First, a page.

The House Appropriations Committee today released its proposed fiscal year 2013 Department of Homeland Security (DHS) Appropriations bill, to be considered in subcommittee tomorrow. The bill strengthens America's homeland security efforts while at the same time reducing government spending. The bill provides $39.1 billion in discretionary funding for DHS, a decrease of $484 million below last year's level and a decrease of $393 million below the President's request.
Appropriations Chairman Hal Rogers made the following statement on the bill:
"Our country faces the dual challenge of providing essential resources for the protection of the nation while also reducing federal spending to help ensure future economic and financial success. This bill helps to address both of these areas by providing the critical resources for our homeland security efforts, while also trimming excess spending to help reduce the nation's deficits and debt," Chairman Rogers said.
"This year, DHS will observe its tenth anniversary. This bill aims to mark that milestone with bold measures to create a stronger, more effective Department," Homeland Security Subcommittee Chairman Aderholt said. "Consistent with the Subcommittee's work over the past two fiscal years, the bill demonstrates how we can sufficiently fund security while also reducing discretionary spending. The bill is focused upon fiscal discipline, hard-hitting oversight, and support for the most vital security programs. The reductions in spending are focused and precise, thus ensuring that there is full funding for frontline operations. There are appropriate increases for cybersecurity, preparedness grants, and research programs," he continued.
Critical Security Operations and Programs -- The bill prioritizes funding for frontline security operations by continuing the highest levels in history for Border Patrol agents, CBP Officers, ICE agents, and ICE detention beds. The bill also provides funding for all operational, intelligence, threat-targeting activities, and the acquisition of essential tactical assets and equipment for CBP, Secret Service, and the Coast Guard.
FEMA-- The bill fully funds FEMA's stated requirement for disaster relief. The legislation also recommends $2.8 billion -- an increase of over $400 million compared to fiscal year 2012 -- for FEMA First Responder Grants, including $1.8 billion for State and Local Grants. The committee continues reforms to consolidate grant programs into a streamlined fund allocated based on common-sense conditions, such as risk to communities. The bill provides $670 million -- the amount requested -- for Assistance to Firefighter Grants and $350 million for Emergency Management Performance Grants.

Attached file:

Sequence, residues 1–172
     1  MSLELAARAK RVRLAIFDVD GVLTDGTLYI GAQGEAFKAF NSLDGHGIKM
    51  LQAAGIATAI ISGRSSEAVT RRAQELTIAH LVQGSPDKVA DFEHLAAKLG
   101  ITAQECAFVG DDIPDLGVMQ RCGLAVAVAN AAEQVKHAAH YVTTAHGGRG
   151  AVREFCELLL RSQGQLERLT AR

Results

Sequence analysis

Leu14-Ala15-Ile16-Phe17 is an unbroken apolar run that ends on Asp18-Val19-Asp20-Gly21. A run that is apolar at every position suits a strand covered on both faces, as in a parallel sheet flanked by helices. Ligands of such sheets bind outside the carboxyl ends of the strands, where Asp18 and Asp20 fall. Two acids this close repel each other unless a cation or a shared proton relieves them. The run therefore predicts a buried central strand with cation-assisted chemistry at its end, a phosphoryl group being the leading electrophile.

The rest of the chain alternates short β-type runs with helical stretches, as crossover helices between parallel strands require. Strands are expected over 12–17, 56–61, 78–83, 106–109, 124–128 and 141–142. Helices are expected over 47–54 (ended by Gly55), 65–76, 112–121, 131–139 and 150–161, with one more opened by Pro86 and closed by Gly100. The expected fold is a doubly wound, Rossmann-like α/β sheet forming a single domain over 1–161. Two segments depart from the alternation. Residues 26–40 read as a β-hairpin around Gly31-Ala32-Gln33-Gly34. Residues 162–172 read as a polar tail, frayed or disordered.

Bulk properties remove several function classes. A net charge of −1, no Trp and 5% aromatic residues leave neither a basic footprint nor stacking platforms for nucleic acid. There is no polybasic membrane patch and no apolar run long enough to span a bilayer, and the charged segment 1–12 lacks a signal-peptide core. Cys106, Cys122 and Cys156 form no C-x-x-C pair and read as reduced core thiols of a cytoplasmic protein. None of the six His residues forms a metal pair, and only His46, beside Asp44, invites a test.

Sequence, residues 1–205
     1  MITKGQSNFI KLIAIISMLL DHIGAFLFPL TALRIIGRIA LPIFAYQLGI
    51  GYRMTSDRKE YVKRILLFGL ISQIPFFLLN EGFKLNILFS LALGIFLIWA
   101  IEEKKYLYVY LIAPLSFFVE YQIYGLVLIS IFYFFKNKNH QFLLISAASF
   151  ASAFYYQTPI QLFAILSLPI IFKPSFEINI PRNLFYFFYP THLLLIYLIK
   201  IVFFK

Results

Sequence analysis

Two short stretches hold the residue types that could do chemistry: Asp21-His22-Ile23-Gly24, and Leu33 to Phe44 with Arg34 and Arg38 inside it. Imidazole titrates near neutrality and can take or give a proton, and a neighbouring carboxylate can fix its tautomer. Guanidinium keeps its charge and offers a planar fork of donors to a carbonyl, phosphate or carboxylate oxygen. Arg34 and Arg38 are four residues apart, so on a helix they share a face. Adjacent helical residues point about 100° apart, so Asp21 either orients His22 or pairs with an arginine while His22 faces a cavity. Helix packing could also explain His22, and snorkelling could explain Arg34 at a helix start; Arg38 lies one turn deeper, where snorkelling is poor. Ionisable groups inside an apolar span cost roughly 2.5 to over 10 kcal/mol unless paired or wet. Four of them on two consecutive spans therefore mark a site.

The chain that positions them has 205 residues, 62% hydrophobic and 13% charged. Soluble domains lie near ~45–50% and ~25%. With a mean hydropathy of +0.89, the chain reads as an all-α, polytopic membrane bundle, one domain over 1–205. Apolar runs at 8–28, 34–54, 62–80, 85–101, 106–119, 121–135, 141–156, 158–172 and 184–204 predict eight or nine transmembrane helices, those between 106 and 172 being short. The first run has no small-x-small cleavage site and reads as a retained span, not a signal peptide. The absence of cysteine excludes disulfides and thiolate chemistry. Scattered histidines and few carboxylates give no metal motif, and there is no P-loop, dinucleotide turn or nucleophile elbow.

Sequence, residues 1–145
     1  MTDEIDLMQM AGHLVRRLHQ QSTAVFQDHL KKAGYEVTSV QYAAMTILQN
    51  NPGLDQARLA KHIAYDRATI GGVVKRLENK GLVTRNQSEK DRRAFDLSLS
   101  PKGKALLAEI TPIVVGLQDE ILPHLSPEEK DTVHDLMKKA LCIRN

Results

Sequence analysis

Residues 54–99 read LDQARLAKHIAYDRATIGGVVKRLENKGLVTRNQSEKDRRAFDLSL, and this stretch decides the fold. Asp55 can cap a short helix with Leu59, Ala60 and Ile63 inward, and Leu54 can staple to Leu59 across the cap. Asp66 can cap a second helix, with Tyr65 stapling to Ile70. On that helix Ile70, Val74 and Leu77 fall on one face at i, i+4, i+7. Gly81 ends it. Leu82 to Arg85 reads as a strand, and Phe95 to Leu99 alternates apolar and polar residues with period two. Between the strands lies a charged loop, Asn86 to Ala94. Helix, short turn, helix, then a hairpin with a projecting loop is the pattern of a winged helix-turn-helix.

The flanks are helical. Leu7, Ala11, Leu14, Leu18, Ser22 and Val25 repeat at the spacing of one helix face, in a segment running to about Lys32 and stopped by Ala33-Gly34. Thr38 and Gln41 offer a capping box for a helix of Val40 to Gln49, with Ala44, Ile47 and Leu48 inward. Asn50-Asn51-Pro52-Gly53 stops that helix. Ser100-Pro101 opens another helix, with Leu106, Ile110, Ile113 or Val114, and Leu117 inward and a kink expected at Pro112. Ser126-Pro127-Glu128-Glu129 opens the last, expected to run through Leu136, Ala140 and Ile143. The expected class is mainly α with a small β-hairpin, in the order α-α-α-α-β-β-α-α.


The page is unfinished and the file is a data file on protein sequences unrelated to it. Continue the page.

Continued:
Customs and Border Protection -- The bill contains $10.2 billion for U.S. Customs and Border Protection (CBP) -- an increase of $77 million above the President's request and $9.4 million above last year's level, when adjusted for proposed transfers and realignments.
This funding will provide for 21,370 Border Patrol agents and 21,186 CBP officers -- the largest totals in history -- and includes $117 million for Inspection and Detection Technology. In addition, the bill includes $518 million for Air and Marine operations and procurement to continue critical air patrol efforts on the U.S. border -- funding that was cut in the President's budget request.
The bill provides $68 million for CBP's National Targeting Center -- an increase of $16 million over fiscal year 2012 -- to enhance the identification of known and suspected terrorists and criminals. The bill also provides no less than $20 million for outreach to counter human trafficking, and $327 million for border security fencing, infrastructure, and technology.
Immigration and Customs Enforcement -- The bill provides $5.5 billion for U.S. Immigration and Customs Enforcement (ICE) -- an increase of $141.6 million above the President's request and $76.8 million below last year's level. The bill denies many of the steep cuts to ICE requested in the President's budget to ensure that the agency can effectively enforce our nation's immigration and customs laws.